With seven 3.5″ bays for plenty of hard drive space you won’t need to worry about running out. Even on the top slot there is a spot where you can mount floppy drive. A rarity in computers these days, but still a good thought if you ever need one.
The 5.25″ bays here along with the wiring for the front of the case. Plenty of extra room in the top there for extra wires to help with cable management. As well the dual 120 mm fans that can mount to the top of the case here. Great for the extra ventilation needs.
Here is a good picture of the 5 .25″ drive bay from the outside. Not only this, but you can see where the 120 mm fans sit inside the case as well. Now the back of the case from the inside, here you can see all the cable cut outs quiet easily. Lots of options for cable routing which is great as well all the edges are rolled over so no cables can get caught easily on the case.
Here we have a small system build in the case. I had absolutely no issues installing anything in here at all. Was very quick and to the point, and with that the first one I’ll bring up is the motherboard installation from the picture below. Actually they included all the standoff’s already pre-installed that I needed to use. At that there was only a single one in the center of the board. The plus side with this one was there was actual dual threads on it, one going into the motherboard tray and one coming up. Worked great for installing the motherboard as it helped hold it in place so I could get screws into the board. Nice plus. With the shot below you notice that there is no shortage of room, quiet a bit actually.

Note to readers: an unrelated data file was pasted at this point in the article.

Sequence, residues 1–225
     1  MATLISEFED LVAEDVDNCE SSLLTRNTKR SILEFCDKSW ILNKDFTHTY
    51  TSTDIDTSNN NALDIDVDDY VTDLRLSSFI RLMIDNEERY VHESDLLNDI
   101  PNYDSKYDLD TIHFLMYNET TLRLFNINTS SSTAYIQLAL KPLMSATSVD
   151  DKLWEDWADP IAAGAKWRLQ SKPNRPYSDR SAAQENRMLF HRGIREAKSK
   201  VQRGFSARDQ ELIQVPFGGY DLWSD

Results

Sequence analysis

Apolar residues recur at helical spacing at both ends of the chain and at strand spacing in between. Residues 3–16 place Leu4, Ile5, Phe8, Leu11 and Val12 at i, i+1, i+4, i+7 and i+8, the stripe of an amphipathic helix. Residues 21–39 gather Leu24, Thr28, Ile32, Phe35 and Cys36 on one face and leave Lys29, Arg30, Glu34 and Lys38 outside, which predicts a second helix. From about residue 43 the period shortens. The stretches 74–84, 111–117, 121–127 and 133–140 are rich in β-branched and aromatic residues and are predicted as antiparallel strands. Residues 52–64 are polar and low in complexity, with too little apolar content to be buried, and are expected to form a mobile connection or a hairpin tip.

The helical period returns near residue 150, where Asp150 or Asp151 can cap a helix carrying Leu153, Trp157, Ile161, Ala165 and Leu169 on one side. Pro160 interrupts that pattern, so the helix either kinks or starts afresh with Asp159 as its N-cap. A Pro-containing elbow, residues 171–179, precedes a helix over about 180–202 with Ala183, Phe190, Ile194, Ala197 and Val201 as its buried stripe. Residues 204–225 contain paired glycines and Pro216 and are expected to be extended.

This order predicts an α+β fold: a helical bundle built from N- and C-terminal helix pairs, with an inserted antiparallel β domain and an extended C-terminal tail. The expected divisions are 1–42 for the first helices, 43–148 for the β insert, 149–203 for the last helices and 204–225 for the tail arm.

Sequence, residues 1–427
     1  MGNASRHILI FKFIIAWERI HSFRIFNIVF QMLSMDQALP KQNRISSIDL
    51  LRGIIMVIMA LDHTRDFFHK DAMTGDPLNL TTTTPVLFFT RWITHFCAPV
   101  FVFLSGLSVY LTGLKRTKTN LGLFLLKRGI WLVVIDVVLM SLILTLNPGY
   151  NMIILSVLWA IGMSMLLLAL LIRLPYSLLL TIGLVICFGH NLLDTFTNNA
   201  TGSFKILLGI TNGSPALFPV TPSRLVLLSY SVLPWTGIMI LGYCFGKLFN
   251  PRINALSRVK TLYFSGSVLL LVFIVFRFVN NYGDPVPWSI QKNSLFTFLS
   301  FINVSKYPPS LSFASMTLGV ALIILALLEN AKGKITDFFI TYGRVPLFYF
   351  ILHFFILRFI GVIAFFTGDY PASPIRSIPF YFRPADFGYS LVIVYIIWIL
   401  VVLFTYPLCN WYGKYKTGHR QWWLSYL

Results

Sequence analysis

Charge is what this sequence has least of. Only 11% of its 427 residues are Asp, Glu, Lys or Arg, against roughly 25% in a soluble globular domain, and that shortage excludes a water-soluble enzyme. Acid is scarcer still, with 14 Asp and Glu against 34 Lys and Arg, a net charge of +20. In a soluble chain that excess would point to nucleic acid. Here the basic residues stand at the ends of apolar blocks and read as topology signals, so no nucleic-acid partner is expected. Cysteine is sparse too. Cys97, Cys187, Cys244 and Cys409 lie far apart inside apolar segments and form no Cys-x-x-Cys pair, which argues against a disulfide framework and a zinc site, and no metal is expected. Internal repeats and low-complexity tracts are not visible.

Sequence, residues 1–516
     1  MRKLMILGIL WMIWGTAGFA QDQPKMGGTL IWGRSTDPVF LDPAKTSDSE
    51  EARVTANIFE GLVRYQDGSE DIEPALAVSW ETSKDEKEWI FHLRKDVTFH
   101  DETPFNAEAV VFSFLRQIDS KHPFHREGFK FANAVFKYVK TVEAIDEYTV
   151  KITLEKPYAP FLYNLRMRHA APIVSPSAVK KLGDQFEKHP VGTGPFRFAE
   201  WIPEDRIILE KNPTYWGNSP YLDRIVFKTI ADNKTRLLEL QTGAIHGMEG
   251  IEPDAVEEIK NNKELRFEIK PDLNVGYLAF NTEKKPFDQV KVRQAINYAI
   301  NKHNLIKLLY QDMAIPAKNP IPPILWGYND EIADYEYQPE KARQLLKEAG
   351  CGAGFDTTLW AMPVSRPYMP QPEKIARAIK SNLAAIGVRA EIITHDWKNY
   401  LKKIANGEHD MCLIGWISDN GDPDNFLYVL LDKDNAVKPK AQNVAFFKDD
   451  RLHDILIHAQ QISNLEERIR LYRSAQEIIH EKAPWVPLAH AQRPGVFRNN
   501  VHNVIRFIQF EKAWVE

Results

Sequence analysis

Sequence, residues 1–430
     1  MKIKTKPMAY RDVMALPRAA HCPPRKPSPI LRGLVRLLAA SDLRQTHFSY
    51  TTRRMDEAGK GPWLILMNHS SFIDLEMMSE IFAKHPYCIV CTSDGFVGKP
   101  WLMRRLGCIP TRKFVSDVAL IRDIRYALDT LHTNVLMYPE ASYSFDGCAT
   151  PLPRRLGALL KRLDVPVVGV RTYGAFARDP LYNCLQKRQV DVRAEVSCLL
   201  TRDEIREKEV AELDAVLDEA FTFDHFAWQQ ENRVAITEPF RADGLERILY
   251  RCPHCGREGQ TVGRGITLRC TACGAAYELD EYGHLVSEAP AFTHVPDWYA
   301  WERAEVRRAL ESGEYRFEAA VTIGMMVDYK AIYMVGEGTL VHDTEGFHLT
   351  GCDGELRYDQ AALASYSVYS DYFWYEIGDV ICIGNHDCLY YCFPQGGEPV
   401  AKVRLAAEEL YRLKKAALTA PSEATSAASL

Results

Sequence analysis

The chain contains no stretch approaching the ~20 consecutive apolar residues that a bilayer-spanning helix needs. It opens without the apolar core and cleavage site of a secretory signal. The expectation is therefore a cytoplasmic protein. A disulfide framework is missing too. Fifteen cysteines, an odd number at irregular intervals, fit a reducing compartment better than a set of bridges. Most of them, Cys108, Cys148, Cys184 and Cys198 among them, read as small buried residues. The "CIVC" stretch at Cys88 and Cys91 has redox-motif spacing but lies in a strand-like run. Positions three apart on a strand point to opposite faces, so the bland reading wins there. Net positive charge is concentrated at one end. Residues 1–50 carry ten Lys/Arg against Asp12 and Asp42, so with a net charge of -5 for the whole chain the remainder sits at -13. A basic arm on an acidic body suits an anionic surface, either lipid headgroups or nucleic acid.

From picture you can see that you can install majority of 120 mm fans up there at the top of the case without issue. Due note though there is no accessories that come with the case that will allow you to mount them up there. So either the fan has to come with it or you might need to buy some to mount the fans up there. For the PCI-E slots there is one screw that holds in the bracket that holds the slots tight, then each slot has its own screws. Note when trying to decide how many PCI-E slots that you want to use once you remove the 5 middle brackets they will not go back into the case. These are break-away PCI-E covers. The only two that you can move around are the top and lower ones to help fill in the back panel if you need to cover something up that you opened previously.
Here is a little shot of the wiring options to the backside of the motherboard tray/case. Plenty of room as you can see here even for a larger card, AMD 6950, but do note seeing that a 3.5″ drive will be an issue if you have long cards sitting in front of it. Even the SSD’s might become an issue, but those can be tossed anywhere. Though with that there is ample room to move cables/cords around as the wiring from front to back its offset from the motherboard so it will allow routing and tie downs in the area without interfering with any of the hardware especially if you don’t need to run it behind the motherboard tray.